Donal’s second stand-out memory relates to a few years later.

“Being brought to school on the first day, again by my mother, and being handed over at the gate of the North Presenation Primary School on Hillgrove Lane off Gerald Griffin Street.

“I was four at the time, and remember being terrified of the nun in her full regalia of habit and head piece, called a cornet, I think. I don’t recall anything else of that day other than the separation from my mother to the nun - frightening times.”

Donal stresses that he certainly came from a working-class family and area, “but while most children were materially poor, we were all both time and socially rich, playing outdoors from morning to night, only going home for meals.

“We made our own fun and played street games that cost little or no money, and boredom was a word not in our vocabulary or experience.”

Well said, Donal! That is worth remembering when today’s over-indulged kids scoff at Cork in the hard old times.

Looking back, he recalls, families were adept at recycling, as all clothes and shoes were handed down from sibling to sibling, including Communion and Confirmation outfits, thus ensuring maximum usage. And you didn’t throw out food either.

“In our house, like many others, what little waste food might be left over from feeding a hungry family was brought to a near neighbour of ours (a Garda sergeant) who had chickens, and we would be given a penny each time and an odd egg for our troubles.

Otherwise, food waste was given to Alice, a real Dickensian character with a stoop and a limp, who travelled Blackpool with her donkey and cart, collecting slops for her father’s pigs further out in Blackpool. In hindsight, Alice was a pitiful character and of another time, and must have had a hard life.

“Also,” adds Donal, “there was the rag and bone man who went around with a horse and cart, buying old clothes and bric-a-brac, and you would be given a balloon or a small toy for such items with no money changing hands. At that time, of course, anything broken was fixed - so unlike our throwaway and fast-fashion society now.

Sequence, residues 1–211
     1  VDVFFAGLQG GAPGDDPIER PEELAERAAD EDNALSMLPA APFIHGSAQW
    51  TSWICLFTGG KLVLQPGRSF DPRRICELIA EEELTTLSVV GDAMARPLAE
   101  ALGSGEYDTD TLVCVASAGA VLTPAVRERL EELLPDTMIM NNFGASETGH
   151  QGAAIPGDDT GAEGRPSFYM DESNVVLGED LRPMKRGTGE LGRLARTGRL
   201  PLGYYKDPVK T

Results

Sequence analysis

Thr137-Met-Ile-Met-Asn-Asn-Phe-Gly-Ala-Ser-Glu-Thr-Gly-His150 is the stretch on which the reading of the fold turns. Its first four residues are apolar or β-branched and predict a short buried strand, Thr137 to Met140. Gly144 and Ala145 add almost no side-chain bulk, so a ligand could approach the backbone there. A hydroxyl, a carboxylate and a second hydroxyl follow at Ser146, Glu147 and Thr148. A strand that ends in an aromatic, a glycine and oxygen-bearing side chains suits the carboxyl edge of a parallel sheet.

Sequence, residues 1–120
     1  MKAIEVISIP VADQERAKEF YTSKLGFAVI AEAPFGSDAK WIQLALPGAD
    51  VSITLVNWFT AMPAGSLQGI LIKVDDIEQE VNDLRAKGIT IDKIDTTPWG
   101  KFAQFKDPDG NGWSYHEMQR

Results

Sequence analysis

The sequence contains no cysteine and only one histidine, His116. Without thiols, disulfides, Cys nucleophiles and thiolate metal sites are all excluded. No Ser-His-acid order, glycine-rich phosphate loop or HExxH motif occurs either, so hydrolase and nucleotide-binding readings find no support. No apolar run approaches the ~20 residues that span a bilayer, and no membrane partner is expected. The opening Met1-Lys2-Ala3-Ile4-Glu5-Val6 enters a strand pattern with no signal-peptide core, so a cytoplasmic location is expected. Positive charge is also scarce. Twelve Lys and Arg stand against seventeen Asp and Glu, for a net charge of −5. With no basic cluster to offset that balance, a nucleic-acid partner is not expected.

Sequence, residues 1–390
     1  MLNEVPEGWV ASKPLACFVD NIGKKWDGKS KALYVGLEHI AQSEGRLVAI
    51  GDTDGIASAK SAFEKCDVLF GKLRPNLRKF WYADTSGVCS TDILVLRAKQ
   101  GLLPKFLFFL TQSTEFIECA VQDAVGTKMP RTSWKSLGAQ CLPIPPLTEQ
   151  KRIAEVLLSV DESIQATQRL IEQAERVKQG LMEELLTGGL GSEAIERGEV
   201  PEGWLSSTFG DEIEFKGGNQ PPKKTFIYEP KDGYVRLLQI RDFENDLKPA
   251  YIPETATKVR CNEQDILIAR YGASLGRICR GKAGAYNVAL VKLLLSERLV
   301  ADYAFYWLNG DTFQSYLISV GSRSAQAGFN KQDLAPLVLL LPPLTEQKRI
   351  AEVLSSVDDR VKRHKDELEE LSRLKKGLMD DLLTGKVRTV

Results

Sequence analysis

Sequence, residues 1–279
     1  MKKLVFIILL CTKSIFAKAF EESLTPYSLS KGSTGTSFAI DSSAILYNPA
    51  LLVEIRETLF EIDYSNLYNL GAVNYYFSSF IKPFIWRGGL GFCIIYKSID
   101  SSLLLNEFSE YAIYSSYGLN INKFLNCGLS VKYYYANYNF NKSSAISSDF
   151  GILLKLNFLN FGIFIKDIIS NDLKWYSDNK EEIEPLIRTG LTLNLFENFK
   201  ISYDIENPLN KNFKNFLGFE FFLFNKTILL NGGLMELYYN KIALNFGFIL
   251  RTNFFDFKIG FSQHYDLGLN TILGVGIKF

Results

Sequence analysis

All the children in his part of Blackpool, recalls Donal, spent their days playing and swimming in places such as Gouldings Glen or Rosses Wood (near Blarney) and fishing for thorneens in Fitzi’s Boreen.

“The cowboys and indians and Tarzan of the big screen wouldn’t hold a candle to our games and exploits in these fantastic places. We would be gone for the day, with a jam sandwich if we were lucky, and played without harm in idyllic places.”

Special outings, he says, were to places farther afield such as ‘up the baths’ in Carrigrohane Road, an outdoor swimming pool, and ‘down the baths’ in Eglantine Street, an indoor swimming pool, or Fitzgerald’s Park where the ‘Collie’ (the park superintendent) was feared and respected by all.

“These outings would be completed by an ice lolly or ice cream on the way home if we were lucky enough to have the money.”

Like Anne Barnes, Donal remembers that street games were a major part of life in his childhood.

“They included street soccer for any number of players each side, from the age of 6 to 30, and often lasted for hours, using jumpers or rocks to mark the goals.

“Other boys; games were: chasing, release, kick the can, thunder up the alley, run away knock, conkers, glassy alleys, and racing our beloved steernas (steering cars) made of old timber with four ball bearings for wheels. These were particularly useful (and dangerous) on Water Lane as it was on a hill, and I remember a few scary moments at the end of the hill when the brakes on our home-made Ferraris failed!”

Girls’ games he can recall included Pickie, skipping, gobs, playing shop, and cards, with Fag-ahs (used fag/cigarette boxes that replicated notes, and Chanies (broken pieces of crockery or china) that substituted for coins.

These memories, Donal says feelingly, were of a golden era full of innocence, free of fear and malice, when children played freely without supervision.

“I am sure their characters and experiences benefited greatly from the trust and confidence given to them by this freedom during their formative years. 

"They represent a time from our younger childhood, before we discovered the joys of the An Stad Café in Leitrim Street, and long before we experienced the excitement of sport, girls and drink... but that’s for another tale.”

Now, isn’t that a great picture of 1950s Blackpool, from the viewpoint of a child of the time? Let’s hear more, Donal!

Tim Morley wants to rectify some misconceptions on the Christian (and closely related) Presentation Brothers, who have received some criticism lately.

“Let me say I was at CBS (Sullivan’s Quay) 1957-1962, and can only say that I was very grateful for an excellent education costing 10 pounds per year ‘if you can afford it’, as my mother was told at the time. We played Gaelic games on Wednesday afternoons , supervised by the brothers, and I never heard of anybody (or anybody’s parents) complaining that we didn’t play rugby. We played soccer in the school yard.

“A neighbour of mine, Paddy Fogarty, who went to Pres, was the last person to get a Harty (hurling) medal and a Munster Schools Championship (rugby) medal in the same year (around the middle 1930s). After that, ‘the ban’ was put in, and that stopped the mixing of sports. It was nothing to do with the Brothers, just the prevailing nationalist intolerance of the time.”

Let’s hear some more golden memories, from both the boys and the girls of yesteryear. Email or leave a comment on our Facebook page: (